Namibia's internal air links are good and reasonably priced, and internal flights can be a practical way to hop huge distances swiftly. The scheduled internals are sufficiently infrequent that you need to plan your trip around them, and not vice versa. This needs to be done far in advance to be sure of getting seats, but does run the risk of your trip being thrown into disarray if the airline's schedule changes. Sadly, this isn't as uncommon as you might hope.
Increasingly private charter flights are being used for short camp-to-camp flights. These are expensive, though the Dune Hopper, mentioned below, is an attempt to cut these prices.
Regional flightsAir Namibia
operates regular and reliable flights around the region. One-way fares from Windhoek include £183/US$275 to Maun, £277/US$416 to Victoria Falls, £245/US$368 to Luanda and £145/US$218 to Johannesburg or Cape Town. In general, you will find these to be the same price if you buy them locally or overseas. However, if you travel between Europe and Namibia with Air Namibia, and book your regional flights at the same time, then these routes become much cheaper. South African Airways
(a subsidiary of British Airways
) also operate links to Jo'burg and Cape Town, and Air Botswana
links Maun with Windhoek.
Internal flightsScheduled internal flights
Namibia has a good network of scheduled internal flights, run by Air Namibia, which link the outlying towns to the hub of Windhoek. The main regional airports (with their useful international city codes) are Cape Town (CPT); Johannesburg (JNB); Katima Mulilo, M'pacha (MPA); Livingstone, Zambia (LVI); Lüderitz (LUD); Maun, Botswana (MUB); Mokuti Lodge, Etosha (OKU); Ondangwa (OND); Oranjemund (OMD); Rundu (NDU); Swakopmund (SWP); Victoria Falls, Zimbabwe (VFA); Walvis Bay (WVB); Windhoek, International (WDH) and Eros (ERS).
Prices and timetables of internal flights change regularly. Generally, though, these flights are not expensive; even Lüderitz to Windhoek costs only £85/US$128. Chartered internal flights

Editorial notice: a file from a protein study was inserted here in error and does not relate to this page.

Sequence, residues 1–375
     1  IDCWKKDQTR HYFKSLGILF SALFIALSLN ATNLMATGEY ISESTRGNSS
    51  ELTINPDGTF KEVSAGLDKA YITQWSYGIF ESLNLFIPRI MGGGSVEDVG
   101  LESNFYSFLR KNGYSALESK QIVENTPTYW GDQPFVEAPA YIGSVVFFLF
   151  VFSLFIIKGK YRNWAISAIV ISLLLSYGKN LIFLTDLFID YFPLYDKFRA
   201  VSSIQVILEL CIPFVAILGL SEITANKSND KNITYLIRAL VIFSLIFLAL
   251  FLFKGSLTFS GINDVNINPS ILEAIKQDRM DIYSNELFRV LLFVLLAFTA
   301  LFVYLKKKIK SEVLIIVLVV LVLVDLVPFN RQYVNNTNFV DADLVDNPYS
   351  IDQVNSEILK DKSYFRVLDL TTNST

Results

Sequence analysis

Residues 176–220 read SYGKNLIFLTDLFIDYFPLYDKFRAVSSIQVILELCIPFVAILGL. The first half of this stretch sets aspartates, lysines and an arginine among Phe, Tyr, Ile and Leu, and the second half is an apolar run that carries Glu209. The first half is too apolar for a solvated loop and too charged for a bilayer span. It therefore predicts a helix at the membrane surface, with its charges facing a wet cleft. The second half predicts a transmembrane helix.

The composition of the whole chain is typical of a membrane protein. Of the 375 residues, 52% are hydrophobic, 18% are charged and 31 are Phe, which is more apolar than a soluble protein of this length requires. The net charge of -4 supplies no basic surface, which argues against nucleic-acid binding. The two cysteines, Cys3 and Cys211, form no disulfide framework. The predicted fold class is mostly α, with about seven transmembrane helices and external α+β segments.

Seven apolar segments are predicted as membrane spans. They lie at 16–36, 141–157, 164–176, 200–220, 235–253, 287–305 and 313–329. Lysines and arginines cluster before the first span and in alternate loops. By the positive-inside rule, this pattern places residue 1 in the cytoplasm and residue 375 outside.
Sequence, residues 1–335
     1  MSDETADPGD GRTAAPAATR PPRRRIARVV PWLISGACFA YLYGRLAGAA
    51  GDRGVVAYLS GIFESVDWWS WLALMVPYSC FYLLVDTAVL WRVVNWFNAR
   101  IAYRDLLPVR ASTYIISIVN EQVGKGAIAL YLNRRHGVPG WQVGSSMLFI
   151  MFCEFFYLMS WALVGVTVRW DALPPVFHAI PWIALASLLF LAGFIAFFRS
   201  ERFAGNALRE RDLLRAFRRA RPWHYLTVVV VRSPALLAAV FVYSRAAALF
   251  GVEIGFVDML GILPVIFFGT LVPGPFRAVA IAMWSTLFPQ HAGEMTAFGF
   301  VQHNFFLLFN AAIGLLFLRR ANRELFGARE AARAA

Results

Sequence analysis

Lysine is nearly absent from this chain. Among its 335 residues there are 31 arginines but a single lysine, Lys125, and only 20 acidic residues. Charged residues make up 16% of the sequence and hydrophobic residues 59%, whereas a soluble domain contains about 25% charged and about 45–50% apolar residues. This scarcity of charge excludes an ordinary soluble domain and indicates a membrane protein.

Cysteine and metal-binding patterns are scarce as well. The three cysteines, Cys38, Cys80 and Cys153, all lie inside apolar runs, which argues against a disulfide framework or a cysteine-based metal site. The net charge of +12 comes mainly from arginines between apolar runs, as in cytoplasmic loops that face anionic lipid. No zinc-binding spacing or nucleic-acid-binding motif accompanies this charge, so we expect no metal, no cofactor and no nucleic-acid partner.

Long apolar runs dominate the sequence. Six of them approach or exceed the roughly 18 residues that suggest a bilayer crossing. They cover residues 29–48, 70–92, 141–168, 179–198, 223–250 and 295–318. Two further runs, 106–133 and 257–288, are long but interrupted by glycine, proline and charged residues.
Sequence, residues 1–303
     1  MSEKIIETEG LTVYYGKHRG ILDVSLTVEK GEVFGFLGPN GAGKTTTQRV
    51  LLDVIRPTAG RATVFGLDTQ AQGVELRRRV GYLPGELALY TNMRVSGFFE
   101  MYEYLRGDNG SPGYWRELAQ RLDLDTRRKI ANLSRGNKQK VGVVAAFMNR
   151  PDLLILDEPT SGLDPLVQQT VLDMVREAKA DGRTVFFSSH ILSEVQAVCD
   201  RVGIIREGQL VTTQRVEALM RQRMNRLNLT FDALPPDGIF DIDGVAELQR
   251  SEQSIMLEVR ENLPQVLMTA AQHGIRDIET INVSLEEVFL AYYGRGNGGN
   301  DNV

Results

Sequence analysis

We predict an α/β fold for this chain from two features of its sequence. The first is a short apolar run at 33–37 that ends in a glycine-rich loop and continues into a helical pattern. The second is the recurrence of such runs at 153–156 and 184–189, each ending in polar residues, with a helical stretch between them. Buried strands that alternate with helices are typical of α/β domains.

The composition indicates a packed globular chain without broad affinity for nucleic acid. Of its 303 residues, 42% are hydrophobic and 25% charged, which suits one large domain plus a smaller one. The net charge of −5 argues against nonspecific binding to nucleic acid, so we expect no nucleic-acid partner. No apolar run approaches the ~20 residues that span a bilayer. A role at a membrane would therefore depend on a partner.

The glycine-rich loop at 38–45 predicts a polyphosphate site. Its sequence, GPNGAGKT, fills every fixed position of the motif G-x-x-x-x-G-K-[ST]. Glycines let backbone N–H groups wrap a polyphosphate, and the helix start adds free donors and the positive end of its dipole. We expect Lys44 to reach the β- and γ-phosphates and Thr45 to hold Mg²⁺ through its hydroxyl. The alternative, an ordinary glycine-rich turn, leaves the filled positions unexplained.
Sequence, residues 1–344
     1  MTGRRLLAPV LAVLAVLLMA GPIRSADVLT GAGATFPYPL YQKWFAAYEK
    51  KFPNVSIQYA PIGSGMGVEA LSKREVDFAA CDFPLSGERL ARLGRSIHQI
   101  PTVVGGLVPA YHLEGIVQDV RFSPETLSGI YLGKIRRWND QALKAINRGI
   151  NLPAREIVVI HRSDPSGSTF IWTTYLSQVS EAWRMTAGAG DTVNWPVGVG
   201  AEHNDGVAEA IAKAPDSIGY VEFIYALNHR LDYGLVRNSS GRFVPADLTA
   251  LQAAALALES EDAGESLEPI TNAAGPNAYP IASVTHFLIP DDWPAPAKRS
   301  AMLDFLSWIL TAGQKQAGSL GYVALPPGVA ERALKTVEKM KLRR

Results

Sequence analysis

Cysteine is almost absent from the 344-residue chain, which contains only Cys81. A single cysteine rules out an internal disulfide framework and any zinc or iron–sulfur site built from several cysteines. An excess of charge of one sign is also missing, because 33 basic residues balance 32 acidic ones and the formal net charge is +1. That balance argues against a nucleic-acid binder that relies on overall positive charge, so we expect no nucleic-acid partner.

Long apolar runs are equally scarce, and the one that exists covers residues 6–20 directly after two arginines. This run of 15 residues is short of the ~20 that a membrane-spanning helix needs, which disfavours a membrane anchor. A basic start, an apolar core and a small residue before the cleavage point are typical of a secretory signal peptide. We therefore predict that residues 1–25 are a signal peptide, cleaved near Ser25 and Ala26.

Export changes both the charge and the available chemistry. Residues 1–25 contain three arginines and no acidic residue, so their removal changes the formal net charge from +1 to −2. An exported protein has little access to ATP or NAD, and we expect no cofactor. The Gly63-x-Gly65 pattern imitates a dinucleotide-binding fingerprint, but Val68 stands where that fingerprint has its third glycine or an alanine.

Namibia Commercial Aviation (tel: 061 223562; fax: 061 234583) runs a superb DC6 dating from 1958. Currently in use for private charters, it used to form part of Air Namibia's normal schedule on the routes to/from Victoria Falls.
Flexible fly-in trips
In the last few years, there have been an increasing number of light aircraft flights around Namibia, arranged by small companies using small four- and six-seater planes. These are particularly convenient for linking farms and lodges which have their own bush airstrips. If you have the money, and want to make the most of a short time in the country, then perhaps a fly-in trip would suit you. Now it's possible to visit Namibia in the same way that you'd see Botswana's Okavango Delta, by flying from camp to camp. This is still the only way to see the northern wilderness area of the Skeleton Coast. Any good tailor-made specialist tour operator (see pages 50–1) could put together such a trip for you – but expect it to cost at least £250/US$375 per person per night.
One particularly popular option is to take one of the scheduled flights that link Windhoek and Swakopmund with the properties around Sesriem and Wolwedans. This is usually arranged as part of a package through a tour operator, or one of the lodges. It's not cheap, but is a fast way to get in to the dunes if time is limited.
Of course, if you've a private pilot's licence and an adventurous streak, then Namibia's skies are marvellously open and free of hassles – but you'll have to spend a day in Windhoek sorting out the paperwork and taking a test flight.
Classic Air Flights
Walking over the tarmac in the late 1990s at Hosea Kutako Airport to board your flight to Victoria Falls, you may have been surprised to find a silver, black, white and turquoise Fish Eagle
in front of you – a glistening old propeller-driven plane. Aviation enthusiasts would recognise this as a vintage Douglas DC-6B, powered by four Pratt & Whitney R-2800 engines. It is one of two classic DC-6Bs which belonged to the privately owned Namibia Commercial Aviation (NCA).
In fact these two were the very last aircraft to roll off the production line in 1958. Initially they had a little less than three years of European commercial operations with JAT, of Belgrade, before they were transferred to the Yugoslav Air Force. The Fish Eagle was then used exclusively as the personal transport of the Yugoslav leader, Marshall Tito. For this it was fitted out in style with wood and leather, extra soundproofing, a kitchen/galley, and even six beds.
Over a decade later, in 1975, both aircraft were donated to the Zambian Air Force, where Marshall Tito's plane became President Kaunda's personal transport for several years, before falling out of favour. Then it was left to languish on the ground in Lusaka for 15 years, unused. Finally, in 1992, the Zambian Air Force decided to sell 40 tons of DC-6 spares, and a condition of sale was that the buyers would agree to take away and dispose of these two aircraft.
NCA bought the spares and, after a week working on the first of the planes, the engineers had restored one of the aircraft, the Fish Eagle, sufficiently for it to be flown out to Rundu, their base in Namibia. This has now been sold, but the second aircraft, the Bateleur, was restored during 1998 and is still in use for private charters all over Namibia.